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The Guardian - UK
The Guardian - UK
Mark Brown North of England correspondent

Nicola Bulley died accidentally from drowning, coroner rules

Nicola Bulley
Nicola Bulley disappeared after dropping her children at school in January, becoming one of the most high-profile missing person cases in the UK. Photograph: Family photograph/PA

The family of Nicola Bulley have said she will stay forever in their hearts as a “brilliant mum, partner, daughter and sister” after a coroner concluded that her death was accidental and took place after she fell in a cold river.

James Adeley, a senior coroner for Lancashire, on Tuesday recorded her death as accidental after a two-day hearing into one of the most high-profile missing person cases in living memory.

The disappearance of Bulley, a 45-year-old mortgage broker, created intense media and social media interest and a frenzy of conspiracy theories.

After the inquest, Bulley’s family said the past few months had been “extremely tough” for them to process.

“The emotional impact will stay long in our hearts and whilst we’ll never get over the loss of our Nikki, we will forever remember her as the brilliant mum, partner, daughter and sister that we all knew and loved so very much.

“The help and support we have received over these few months has meant more than words can say. From family and friends, to complete strangers across the country and world, thank you.

“Nikki and Paul’s girls have already taken great comfort in the deeply thoughtful gifts sent to them in goodwill, and in time they will read the many cards which are filled with such kindness and love.

Bulley went missing on 27 January after dropping off her two children at their school in the small Lancashire village of St Michael’s on Wyre before going on a routine dog walk with her springer spaniel, Willow.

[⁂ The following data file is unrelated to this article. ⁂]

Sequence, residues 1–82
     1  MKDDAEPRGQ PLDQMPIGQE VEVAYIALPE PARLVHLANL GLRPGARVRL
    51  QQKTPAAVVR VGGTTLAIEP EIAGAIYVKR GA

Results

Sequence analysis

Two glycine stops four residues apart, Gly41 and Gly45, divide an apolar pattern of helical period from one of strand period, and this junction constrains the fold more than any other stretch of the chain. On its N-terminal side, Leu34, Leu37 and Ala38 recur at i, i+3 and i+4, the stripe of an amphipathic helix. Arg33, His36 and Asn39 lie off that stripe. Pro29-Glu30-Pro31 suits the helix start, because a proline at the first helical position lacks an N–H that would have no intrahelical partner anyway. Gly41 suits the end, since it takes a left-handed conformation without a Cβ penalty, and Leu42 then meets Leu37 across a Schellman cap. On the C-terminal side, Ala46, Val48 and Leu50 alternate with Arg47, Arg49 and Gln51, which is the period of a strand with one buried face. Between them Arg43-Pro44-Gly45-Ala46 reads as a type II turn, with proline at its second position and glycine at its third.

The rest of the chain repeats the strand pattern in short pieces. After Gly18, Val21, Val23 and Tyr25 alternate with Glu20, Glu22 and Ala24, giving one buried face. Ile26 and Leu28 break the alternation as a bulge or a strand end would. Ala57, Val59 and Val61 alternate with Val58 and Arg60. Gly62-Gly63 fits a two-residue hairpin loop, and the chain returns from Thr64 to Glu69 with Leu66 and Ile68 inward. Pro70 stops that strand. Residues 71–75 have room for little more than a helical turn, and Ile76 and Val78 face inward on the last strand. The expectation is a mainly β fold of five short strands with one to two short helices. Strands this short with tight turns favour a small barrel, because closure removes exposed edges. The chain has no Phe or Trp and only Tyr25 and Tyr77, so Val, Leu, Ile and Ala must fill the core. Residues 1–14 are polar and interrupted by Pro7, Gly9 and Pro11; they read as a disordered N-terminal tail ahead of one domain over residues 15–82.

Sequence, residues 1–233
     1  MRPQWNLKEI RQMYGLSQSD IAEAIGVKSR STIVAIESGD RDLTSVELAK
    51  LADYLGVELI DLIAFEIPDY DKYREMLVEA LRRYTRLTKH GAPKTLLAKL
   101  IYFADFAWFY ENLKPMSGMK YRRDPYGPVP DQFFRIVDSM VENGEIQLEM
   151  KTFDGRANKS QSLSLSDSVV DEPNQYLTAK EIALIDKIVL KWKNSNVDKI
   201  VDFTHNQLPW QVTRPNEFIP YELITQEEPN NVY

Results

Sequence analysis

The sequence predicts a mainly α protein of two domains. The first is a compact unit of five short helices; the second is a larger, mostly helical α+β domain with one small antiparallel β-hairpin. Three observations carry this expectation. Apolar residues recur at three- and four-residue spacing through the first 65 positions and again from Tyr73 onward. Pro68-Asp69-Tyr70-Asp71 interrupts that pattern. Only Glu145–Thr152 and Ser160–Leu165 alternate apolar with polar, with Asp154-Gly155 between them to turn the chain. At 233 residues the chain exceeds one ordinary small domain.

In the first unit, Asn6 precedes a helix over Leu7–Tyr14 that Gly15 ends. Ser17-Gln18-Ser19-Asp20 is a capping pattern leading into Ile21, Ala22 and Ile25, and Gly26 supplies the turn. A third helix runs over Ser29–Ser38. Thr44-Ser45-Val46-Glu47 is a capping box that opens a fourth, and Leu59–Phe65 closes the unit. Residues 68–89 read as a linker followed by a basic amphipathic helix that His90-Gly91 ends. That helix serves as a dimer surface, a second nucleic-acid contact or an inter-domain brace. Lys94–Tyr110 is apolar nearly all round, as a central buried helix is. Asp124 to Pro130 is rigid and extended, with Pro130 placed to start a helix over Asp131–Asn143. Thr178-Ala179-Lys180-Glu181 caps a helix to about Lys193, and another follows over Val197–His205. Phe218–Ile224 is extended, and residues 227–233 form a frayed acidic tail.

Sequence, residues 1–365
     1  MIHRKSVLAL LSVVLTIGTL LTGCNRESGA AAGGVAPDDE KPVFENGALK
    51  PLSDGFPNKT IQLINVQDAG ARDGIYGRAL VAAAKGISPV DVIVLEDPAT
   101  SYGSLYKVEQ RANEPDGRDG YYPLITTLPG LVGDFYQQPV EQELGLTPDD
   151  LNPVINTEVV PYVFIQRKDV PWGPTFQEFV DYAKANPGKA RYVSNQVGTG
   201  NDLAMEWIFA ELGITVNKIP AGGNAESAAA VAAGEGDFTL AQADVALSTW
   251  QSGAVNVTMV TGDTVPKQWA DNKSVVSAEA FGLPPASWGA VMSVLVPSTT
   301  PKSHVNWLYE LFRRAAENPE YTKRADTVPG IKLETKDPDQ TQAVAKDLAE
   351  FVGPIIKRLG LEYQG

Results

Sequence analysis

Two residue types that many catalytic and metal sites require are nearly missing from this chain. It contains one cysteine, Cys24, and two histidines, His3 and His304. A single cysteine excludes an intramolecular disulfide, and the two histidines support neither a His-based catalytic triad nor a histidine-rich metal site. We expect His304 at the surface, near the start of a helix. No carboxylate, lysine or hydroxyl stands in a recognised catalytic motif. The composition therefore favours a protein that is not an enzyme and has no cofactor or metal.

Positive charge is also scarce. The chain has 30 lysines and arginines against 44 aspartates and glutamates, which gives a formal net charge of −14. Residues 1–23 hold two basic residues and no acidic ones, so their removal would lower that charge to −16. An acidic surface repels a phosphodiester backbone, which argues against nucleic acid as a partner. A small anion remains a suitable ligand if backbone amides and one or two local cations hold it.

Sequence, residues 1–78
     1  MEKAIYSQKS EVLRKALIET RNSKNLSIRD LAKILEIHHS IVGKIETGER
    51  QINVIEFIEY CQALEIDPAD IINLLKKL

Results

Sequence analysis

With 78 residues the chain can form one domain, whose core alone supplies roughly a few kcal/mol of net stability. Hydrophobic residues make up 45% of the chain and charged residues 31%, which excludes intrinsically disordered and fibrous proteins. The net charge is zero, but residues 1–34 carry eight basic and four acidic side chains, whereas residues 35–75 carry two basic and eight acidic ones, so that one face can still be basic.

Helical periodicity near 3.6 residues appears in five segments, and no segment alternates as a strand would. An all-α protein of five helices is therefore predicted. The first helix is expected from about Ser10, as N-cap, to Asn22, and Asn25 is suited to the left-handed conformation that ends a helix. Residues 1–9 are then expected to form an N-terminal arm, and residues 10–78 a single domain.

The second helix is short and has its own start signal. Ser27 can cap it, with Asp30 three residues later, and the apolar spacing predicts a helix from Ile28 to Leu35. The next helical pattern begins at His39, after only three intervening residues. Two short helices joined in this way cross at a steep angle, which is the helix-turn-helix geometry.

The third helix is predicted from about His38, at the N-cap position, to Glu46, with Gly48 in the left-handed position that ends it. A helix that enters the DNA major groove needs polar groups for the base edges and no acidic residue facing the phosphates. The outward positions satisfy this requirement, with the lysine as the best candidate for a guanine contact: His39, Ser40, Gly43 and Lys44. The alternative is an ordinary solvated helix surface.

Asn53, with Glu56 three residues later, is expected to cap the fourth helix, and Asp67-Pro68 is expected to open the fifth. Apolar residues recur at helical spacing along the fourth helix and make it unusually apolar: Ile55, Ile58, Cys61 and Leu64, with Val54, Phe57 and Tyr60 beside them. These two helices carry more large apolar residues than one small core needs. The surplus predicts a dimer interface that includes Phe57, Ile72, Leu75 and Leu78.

Her phone, still connected to a Teams work call, was discovered on a bench overlooking the River Wyre. After 24 days her body was found about a mile away in the river.

The inquest in Preston heard pathological evidence that Bulley died as a result of drowning. There was no evidence of alcohol in her bloodstream or the involvement of any third party in causing her harm.

Evidence from world-leading experts on cold water shock suggested Bulley would have died in seconds after inhaling water.

Quite how Bulley fell in the water is not known but the inquest heard that she was juggling being on a work call with looking after her dog. Her partner, Paul Ansell, suggested she may have left her phone on a bench while she went to put the dog’s harness back on.

Adeley said there was no evidence to suggest suicide. “Excluding a couple of comments over the Christmas period when she was acting out of character … and were there was no indication of any intention to take her own life.”

The inquest heard from two villagers who heard a short inhaling scream on the morning of Bulley’s death.

Adeley said he had no doubt the scream was heard but he said it was some distance from where Bulley entered the river and she would probably already have been dead. “It was not relevant to Nikki’s death,” he said.

Speaking after the inquest Det Ch Supt Pauline Stables of Lancashire police said Bulley’s family and loved ones had been through “the most unimaginable ordeal” over the last six months.

“I can only hope that this inquest will help in some small way by answering some of the questions they had about what happened to Nikki on 27 January and will allow them to start the process of rebuilding their lives as best as they can.”

Ansell told the inquest that Bulley was “an incredible” mother and was in “amazing spirits” in the days leading up to her disappearance.

The coroner said at the start of the inquest that he would not be examining operational details of the Lancashire police search.

Questions over how long it took divers to find Bulley’s body and a decision to release personal information about struggles with alcohol because of the menopause will be examined by a separate inquiry carried out by the College of Policing.

The media have faced particular criticism from the Bulley family with ITV News and Sky News singled out for contacting them when they had asked for privacy.

Ofcom said afterwards that it was “extremely concerned” by the comments and had written to the broadcasters asking them to explain their actions.

The family’s lawyer, Sophie Cartwright KC, said Bulley’s death was a tragic accident. She told the coroner: “There has been much rumour and suspicion and speculation around Nikki’s death but the family are very clearly of the view and submit to you that that rumour and speculation is allayed completely when looking at all the evidence.

“Nikki’s death would have occurred very shortly after she entered the water.”

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